Jesus endured the cross by despising the shame of it. He did not allow the reality that God asked Him to submit Himself to the most shameful methods of death in human history to be His own shame. Rather than shame, he felt joy. Hebrews 12:2 describes Jesus’ contradictory experience on the cross of shame:
"Looking to Jesus, the founder and perfecter of our faith, who for the joy that was set before him endured the cross, despising the shame, and is seated at the right hand of the throne of God."
My professor, Dr. Dan Allender said: “There is good shame and there is bad shame.” The shame we feel over our sinfulness before a holy God is good shame. It drives us to beg for His mercy and helps us enter into the reality of His holiness as best we are able in our finite condition.
Shame has good results. In my most recent travels to the Middle East, I felt safer there than other places. My daughter told me that one reason for that is the shame they feel in their culture. It is shameful to steal. A person not only brings shame to oneself, but he brings shame to his family and community when they sin against one another. I feel we could use a little more shame in our American culture.
On our travels we encountered a person who tried to accuse us of something he did (it was a car accident). Our friend came to help us negotiate the conflict. In the end our friend told the other driver: “Shame on you, and shame on your family that you would mistreat a foreigner like this.” That statement was harsh but brought an end to the conflict. It put everything in perspective for the man.
I agreed that the man was wrong for attempting to get out of a situation he himself created. I never considered that it was shameful for him to do that. I didn’t consider that he was bringing shame on himself, his family and his country by his actions. This has enlightened my spirit to the reality of shame. I understand why Jesus despised shame. I need to despise shame even more. When I sin against other people and they sin against me, I need to consider the shame involved. It’s easier to see the shame when others sin against me. I started there. I arrived home to a shameful reality that God asked me to accept in love. Rather than revolt and demand my rights, I see the shame the person has brought on himself and his family. The statement: It is a shame! has new meaning to me. I live with the shame by the damage done to me, but I also see the shame that is hovering over the other person. Like Jesus, I want to despise the shame and feel the joy of my relationship with Him.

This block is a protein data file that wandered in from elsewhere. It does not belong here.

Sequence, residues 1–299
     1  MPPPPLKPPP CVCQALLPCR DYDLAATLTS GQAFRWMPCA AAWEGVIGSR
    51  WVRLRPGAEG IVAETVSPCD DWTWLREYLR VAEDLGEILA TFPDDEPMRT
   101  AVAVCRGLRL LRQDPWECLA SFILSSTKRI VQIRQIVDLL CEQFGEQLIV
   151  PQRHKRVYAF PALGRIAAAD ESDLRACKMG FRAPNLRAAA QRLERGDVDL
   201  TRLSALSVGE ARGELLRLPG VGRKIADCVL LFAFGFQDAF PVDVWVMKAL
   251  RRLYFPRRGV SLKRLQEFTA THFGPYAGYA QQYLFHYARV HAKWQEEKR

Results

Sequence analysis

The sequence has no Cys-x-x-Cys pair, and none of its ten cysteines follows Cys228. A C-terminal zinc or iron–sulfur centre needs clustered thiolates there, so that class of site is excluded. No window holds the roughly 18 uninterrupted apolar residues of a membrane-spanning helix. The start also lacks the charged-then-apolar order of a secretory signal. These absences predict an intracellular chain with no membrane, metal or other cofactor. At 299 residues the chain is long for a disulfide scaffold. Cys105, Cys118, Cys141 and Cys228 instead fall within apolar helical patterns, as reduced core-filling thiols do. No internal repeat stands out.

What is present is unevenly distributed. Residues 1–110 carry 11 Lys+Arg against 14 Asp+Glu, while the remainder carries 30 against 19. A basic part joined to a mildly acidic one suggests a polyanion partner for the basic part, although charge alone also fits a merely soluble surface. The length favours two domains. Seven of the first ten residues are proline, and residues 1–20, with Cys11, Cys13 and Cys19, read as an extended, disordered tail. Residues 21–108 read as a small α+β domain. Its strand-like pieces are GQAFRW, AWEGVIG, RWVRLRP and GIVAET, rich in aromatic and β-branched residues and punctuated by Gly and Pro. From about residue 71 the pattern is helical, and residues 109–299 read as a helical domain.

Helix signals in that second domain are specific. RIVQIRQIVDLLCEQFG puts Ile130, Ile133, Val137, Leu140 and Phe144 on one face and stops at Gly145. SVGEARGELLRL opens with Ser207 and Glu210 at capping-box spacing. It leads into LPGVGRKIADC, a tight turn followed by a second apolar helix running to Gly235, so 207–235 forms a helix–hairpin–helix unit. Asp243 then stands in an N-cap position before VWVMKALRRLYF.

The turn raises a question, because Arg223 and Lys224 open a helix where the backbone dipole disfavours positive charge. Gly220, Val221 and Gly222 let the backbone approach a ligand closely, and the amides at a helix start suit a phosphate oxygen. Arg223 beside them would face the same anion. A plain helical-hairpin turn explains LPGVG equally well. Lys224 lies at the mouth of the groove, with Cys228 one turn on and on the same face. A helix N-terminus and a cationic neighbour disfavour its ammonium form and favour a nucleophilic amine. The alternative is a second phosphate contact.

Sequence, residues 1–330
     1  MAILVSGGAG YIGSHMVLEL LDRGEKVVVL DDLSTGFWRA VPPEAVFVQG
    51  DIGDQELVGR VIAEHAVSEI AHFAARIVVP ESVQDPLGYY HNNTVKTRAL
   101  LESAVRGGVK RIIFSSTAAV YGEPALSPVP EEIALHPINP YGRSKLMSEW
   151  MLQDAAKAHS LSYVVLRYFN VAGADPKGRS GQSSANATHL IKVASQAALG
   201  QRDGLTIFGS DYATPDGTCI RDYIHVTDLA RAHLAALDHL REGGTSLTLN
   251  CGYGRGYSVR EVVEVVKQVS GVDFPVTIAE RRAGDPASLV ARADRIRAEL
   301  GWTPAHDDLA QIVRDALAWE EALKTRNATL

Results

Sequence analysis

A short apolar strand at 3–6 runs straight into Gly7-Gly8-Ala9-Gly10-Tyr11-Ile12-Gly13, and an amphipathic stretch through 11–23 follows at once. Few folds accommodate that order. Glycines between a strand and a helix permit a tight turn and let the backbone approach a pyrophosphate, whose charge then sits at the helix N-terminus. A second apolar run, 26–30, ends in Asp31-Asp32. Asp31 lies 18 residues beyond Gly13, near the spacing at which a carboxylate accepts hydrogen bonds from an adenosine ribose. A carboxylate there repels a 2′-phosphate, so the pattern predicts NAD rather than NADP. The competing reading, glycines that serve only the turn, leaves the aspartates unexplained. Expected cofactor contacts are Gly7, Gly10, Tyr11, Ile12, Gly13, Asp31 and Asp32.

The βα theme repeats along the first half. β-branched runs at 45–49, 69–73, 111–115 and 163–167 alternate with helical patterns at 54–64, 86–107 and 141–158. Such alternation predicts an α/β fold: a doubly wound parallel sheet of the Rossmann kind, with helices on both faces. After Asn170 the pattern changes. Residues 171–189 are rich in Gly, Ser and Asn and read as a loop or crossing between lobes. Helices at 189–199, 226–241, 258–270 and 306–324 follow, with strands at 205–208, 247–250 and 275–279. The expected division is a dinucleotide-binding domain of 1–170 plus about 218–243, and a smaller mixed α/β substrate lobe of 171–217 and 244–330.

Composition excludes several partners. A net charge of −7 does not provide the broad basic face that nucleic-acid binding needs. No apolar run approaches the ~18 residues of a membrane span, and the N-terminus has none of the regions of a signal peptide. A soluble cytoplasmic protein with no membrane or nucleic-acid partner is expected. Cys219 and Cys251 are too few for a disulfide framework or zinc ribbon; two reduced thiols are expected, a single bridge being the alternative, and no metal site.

God led me to Psalm 70 as I sought His healing and direction for the situation. I followed its patter crying out to God to save me and ask for shame and confusion to cover the ones who sinned against me. Now, I see how it led me to focus on God’s goodness while despising the shame. First accepting and realizing the shame, then despising it through the joy of relationship with God brings peace to the soul living in a world filled with shameful realities.